You don’t have to be a cynic or an enemy of Donald Trump to see his reported decision to make South Carolina governor Nikki Haley U.S. Ambassador to the United Nations as a transaction made in political heaven. He gets two-for-one diversity points for placing an Asian-American woman in a cabinet-level position, albeit one with no departmental responsibilities. He also supplies himself with an immediate and ongoing response to those in the international community who view his election as primarily a white-nationalist phenomenon. He’ll now have at least one major foreign-policy spokesperson free of the bullyboy machismo so many of his close associates (including possible secretary of State Rudy Giuliani) exhibit. For dessert, Haley’s elevation will make Trump’s most prominent early supporter in South Carolina, Lieutenant Governor Henry McMaster, the chief executive of the Palmetto State. And on top of everything else, it will probably please an important conservative personage in Washington: Heritage Foundation president Jim DeMint, who along with Mark Sanford once led the faction of the South Carolina Republican Party from whence Nikki Haley emerged to become governor in 2010.
It’s a perfect arrangement for Nikki Haley as well. She could become the Kellyanne Conway of Team Trump’s global interface, earning regular credit for softening and humanizing the Boss’s cruder and more dangerous pronouncements — someone Trump haters can praise as an exception who proves the general rule of his bad character and unsteady views. In the longer run, this highly telegenic 44-year-old pol who has already given her party’s response to the State of the Union Address and has made Veep short lists, will get the foreign-policy résumé line necessary to make her a national political figure for many years to come. I’d say the odds Haley will someday be a GOP presidential contender will go up to about 90 percent assuming she is confirmed for this very visible job.
The only problem with this arrangement is that Haley has no obvious qualifications for a major foreign-policy gig. Her entire international experience appears to be her overseas industry-hunting jaunts as governor, a necessary byproduct of her reactionary race-to-the-bottom approach to economic development, and no more an indication of cosmopolitanism than her uniquely shrill union-baiting. (I once observed she makes Scott Walker look like Eugene Debs when it comes to unions; she not only wants no private- or public-sector unions in her state, she has discouraged employers who tolerate unions from hiring in South Carolina as well.)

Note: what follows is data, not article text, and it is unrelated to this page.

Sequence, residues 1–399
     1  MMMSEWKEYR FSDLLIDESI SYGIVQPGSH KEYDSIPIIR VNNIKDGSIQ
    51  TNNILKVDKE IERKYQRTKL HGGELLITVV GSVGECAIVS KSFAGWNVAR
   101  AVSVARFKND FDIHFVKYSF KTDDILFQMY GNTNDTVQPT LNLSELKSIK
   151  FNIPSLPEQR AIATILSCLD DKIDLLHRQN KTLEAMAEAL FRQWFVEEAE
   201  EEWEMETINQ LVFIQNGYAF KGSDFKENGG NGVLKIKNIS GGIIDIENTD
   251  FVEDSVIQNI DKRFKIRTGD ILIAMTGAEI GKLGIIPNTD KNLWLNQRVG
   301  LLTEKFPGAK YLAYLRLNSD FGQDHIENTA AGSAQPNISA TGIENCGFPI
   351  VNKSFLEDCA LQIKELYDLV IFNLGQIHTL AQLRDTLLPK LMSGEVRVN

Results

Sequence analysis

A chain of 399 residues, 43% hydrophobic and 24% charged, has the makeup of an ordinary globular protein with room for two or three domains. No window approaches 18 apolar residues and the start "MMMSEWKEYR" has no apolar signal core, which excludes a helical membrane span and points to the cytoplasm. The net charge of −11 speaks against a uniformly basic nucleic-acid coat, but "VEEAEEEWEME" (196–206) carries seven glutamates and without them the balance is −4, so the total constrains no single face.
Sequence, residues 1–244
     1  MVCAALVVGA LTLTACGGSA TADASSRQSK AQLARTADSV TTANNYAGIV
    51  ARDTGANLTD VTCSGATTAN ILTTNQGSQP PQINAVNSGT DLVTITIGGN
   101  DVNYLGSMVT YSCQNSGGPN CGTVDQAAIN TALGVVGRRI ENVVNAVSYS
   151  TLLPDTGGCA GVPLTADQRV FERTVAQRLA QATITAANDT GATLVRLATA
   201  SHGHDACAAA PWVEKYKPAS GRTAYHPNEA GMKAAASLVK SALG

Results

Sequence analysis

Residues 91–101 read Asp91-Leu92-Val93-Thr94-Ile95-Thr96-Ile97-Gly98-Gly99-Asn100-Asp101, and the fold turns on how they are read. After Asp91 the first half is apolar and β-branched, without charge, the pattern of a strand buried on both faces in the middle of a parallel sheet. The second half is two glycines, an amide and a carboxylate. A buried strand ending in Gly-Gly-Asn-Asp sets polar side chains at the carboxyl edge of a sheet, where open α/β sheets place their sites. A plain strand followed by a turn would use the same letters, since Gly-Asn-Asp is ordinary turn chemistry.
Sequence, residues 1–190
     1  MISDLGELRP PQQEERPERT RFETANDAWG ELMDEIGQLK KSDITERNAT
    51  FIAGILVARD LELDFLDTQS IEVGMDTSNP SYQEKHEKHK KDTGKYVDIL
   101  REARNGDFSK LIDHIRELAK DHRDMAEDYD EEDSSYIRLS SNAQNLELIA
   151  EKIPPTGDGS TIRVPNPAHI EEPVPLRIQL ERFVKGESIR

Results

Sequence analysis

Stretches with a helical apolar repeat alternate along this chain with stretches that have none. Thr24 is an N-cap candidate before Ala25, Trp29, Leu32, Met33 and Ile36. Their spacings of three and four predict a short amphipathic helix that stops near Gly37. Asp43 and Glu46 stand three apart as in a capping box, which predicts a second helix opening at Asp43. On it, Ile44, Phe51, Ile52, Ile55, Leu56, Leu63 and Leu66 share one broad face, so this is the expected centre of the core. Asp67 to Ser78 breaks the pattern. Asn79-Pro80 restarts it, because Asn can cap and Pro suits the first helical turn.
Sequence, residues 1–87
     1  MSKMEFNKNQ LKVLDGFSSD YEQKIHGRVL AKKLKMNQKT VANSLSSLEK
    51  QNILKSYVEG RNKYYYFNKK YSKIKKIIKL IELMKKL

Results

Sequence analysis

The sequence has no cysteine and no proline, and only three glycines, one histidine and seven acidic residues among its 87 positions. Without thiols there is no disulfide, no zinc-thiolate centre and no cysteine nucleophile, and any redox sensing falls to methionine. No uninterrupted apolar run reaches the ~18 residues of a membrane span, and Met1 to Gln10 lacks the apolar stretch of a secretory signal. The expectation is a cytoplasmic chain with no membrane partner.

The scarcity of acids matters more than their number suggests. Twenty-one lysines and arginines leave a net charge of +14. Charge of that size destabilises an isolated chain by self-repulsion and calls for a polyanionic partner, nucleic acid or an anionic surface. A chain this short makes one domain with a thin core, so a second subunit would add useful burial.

The official talking points for Haley’s appointment apparently refer to her “communications and problem-solving skills,” which could be read as an allusion to her perfectly timed announcement of opposition to the flying of the Confederate battle flag at the state capital in the wake of the racist massacre at a Charleston church last year. Without question, Haley preempted and largely defused what might have otherwise been a momentarily nasty confrontation over the issue in the South Carolina legislature. But the tributes to her great political courage in taking this long-overdue action are a bit over-the-top: Real courage was exhibited by a previous Republican governor of her state, David Beasley, who called for taking down the Confederate flag in 1997. For that matter, Georgia’s Newt Gingrich–supported Zell Miller made efforts to get rid of Confederate elements in that state’s flag in 1993.
But the flag flap did show that Haley has very good political instincts, which she earlier exhibited during her first gubernatorial run in 2010, when she turned (unsubstantiated) allegations of marital infidelity into an electoral asset by linking them to the good-old-boy Dixiecrat faction of her party, whose influence she was seeking to overthrow.
So it’s safe to say Nikki Haley understands Donald Trump’s political needs; presumably Team Trump either understands hers or does not care. It’s the kind of mutual-back-scratching arrangement that will likely characterize many of Trump’s interactions with the rest of the Republican Party.